You can call 211 to be directed to no-cost or low-cost providers in your area. Your health care provider may also contact public health to decide if testing at a public or private lab is appropriate.

If you don’t have a doctor or health insurance but are worried that you might have COVID-19, check your local health authority’s website to see if there is a hotline that you can call for help.

Can I go to a drive-thru testing site?

If you believe you should be tested for COVID-19, visit the Texas Health Trace website to use the COVID-19 self checker and consult your doctor. For more information about drive-thru testing locations, visit DSHS’ website.

Healthcare Options

I need to see a doctor but I don’t want to go into the office. What are my options?

Most health plans offer telehealth options such as nurse line or virtual visits with no copay. Visit your insurer’s website to learn more about your options.

TDI filed an emergency rule requiring insurers to pay the same amount for telemedicine services, including covered mental health services, as they do for in-person services. The rule applies to in-network services for state-regulated health plans.

What about my prescriptions?

Some health plans allow patients to get a 90-day supply of medication. Ask your health plan if this is an option.

*⃣ TDI has established emergency rules to allow Texans with state-regulated health plans to continue accessing their prescriptions with less need to leave their homes. 

I had an elective procedure/appointment scheduled before COVID-19. What do I do now?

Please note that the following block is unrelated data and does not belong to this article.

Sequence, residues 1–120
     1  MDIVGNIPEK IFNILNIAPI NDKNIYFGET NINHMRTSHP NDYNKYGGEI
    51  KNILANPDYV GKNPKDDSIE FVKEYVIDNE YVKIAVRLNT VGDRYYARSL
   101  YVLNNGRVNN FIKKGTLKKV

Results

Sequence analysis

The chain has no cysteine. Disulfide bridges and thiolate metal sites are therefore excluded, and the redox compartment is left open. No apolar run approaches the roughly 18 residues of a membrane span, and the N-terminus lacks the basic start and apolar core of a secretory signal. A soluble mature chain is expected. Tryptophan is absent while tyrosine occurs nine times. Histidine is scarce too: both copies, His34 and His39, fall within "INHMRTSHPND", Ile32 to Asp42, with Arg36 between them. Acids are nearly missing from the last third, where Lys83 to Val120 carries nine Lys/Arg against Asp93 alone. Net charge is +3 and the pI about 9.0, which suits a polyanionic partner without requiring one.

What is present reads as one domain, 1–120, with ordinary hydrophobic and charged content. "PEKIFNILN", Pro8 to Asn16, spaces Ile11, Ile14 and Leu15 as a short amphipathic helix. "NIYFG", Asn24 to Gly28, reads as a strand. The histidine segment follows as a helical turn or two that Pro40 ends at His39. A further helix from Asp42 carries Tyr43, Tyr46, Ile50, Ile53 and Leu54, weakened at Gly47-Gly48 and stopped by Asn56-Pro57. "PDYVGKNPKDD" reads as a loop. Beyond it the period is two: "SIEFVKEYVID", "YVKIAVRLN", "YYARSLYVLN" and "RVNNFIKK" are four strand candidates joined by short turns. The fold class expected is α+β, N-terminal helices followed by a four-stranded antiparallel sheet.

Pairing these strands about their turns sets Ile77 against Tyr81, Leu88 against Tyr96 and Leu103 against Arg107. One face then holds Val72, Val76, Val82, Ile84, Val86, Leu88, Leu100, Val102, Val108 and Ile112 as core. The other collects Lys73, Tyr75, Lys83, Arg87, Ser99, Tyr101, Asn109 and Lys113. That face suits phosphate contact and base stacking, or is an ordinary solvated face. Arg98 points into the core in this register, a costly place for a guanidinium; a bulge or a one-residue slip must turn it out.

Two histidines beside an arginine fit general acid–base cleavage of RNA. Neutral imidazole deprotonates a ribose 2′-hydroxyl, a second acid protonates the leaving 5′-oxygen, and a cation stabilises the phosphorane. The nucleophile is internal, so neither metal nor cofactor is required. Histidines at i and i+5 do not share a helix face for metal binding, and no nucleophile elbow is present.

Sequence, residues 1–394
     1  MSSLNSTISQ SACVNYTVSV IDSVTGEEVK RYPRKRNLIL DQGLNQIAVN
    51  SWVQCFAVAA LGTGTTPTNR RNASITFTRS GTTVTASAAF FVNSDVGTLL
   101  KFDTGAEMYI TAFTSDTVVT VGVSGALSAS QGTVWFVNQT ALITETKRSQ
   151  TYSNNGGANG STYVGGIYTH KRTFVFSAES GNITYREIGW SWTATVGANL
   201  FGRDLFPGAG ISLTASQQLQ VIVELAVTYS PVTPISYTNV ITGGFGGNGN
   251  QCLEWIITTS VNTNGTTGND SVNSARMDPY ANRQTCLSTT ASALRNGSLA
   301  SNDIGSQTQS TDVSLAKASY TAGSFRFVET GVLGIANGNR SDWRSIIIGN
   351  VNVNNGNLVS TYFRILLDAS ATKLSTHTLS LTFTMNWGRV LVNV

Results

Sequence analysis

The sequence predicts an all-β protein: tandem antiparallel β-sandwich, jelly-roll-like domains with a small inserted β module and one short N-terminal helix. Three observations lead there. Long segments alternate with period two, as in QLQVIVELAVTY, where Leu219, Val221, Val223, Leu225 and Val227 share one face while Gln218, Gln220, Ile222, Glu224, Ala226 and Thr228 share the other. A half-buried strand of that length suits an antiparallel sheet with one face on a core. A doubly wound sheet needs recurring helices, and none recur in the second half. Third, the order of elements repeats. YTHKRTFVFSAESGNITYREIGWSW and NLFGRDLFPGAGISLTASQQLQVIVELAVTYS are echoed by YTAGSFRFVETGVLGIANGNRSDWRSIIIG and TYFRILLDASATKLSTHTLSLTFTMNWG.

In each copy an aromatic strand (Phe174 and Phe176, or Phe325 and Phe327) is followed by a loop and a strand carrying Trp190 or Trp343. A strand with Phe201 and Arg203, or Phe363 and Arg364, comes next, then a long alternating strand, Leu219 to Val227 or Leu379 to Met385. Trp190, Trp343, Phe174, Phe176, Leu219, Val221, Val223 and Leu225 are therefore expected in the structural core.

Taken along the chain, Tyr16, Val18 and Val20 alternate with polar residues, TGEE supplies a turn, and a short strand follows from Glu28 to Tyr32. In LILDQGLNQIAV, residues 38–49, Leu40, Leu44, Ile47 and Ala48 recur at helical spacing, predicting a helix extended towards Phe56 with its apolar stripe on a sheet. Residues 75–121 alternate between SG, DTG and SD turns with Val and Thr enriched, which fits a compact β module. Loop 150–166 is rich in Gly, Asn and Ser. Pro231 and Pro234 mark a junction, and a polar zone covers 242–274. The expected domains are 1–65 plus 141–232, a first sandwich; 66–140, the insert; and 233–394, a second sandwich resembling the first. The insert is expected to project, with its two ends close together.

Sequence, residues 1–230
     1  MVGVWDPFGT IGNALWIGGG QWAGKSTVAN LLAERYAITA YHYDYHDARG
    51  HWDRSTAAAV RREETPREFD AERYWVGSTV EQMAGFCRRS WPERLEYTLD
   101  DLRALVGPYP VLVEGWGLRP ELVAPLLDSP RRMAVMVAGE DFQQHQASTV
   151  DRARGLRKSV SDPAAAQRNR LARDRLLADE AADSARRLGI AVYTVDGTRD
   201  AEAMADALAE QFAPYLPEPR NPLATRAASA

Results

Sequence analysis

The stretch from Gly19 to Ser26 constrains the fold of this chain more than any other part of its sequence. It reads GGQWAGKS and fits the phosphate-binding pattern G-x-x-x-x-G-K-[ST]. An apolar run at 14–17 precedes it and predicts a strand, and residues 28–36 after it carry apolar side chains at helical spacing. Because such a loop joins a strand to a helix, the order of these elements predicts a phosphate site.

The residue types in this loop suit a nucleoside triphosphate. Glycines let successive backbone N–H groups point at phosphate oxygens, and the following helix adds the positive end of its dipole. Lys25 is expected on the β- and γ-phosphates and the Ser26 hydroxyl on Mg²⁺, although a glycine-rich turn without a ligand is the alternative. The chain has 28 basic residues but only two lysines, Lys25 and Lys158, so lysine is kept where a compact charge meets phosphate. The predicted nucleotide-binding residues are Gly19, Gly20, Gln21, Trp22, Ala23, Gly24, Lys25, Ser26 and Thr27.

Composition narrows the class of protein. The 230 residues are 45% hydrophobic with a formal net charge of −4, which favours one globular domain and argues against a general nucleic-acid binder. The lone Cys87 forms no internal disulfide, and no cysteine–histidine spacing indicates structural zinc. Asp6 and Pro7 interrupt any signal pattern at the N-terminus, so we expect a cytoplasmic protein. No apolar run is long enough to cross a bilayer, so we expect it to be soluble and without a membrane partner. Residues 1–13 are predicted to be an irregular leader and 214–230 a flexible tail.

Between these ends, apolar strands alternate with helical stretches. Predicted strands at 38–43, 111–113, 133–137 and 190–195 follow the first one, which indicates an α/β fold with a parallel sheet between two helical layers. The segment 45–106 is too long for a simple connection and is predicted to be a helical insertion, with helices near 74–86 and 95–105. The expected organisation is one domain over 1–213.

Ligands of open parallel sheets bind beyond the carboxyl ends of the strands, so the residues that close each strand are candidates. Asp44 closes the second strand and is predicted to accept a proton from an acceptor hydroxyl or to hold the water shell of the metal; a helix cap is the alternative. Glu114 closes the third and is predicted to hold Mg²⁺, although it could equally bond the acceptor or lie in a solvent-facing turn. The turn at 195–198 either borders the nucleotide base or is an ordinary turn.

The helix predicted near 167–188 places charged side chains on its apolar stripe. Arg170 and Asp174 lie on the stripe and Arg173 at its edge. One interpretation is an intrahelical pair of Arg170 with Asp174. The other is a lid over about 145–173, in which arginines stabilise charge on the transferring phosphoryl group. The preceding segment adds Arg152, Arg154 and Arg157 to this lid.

TDI is encouraging health insurers, HMOs, and utilization review agents to extend certain prior authorizations and referrals to help patients and health-care providers reschedule elective procedures without additional delays.

  • Your health plan may be automatically extending prior authorizations granted before March 22, 2020.
  • Referrals may be extended for specialists, therapy, counseling services, and other medically necessary services that may have been disrupted.
  • TDI has asked health plans that extend prior authorizations or referrals to provide you with written notice of the updated authorizations.
  • Check with your health plan or plan administrator to find out if this applies to a procedure or service that you need rescheduled.

To learn more, visit TDI’s website.

Auto Insurance Premiums

Due to COVID-19 some auto insurers have chosen to reduce, return, or discount premiums for consumers. The following personal auto insurance companies have announced they are reducing, returning, or discounting premiums for April and May. This list will be updated, but may be incomplete.
*⃣ Other insurance companies may be deferring payment, waiving late fees, or helping in other ways. You should contact your insurance company to learn more about your premium payment due to COVID-19.

Other Helpful Resources

Monitor the latest news from the Texas Department of State Health Services (DSHS).

Monitor the latest news from the CDC.

Feeling sick? Use the CDC’s COVID-19 Self Checker Tool before visiting a doctor or hospital.

Monitor the latest insurance industry updates from TDI.

Get information on disaster unemployment assistance from the Texas Workforce Commission (TWC).

Do you have a small business? Check out our resources page for business owners.

Texans who believe they’ve encountered price gouging should call 800-621-0508 or file a complaint online.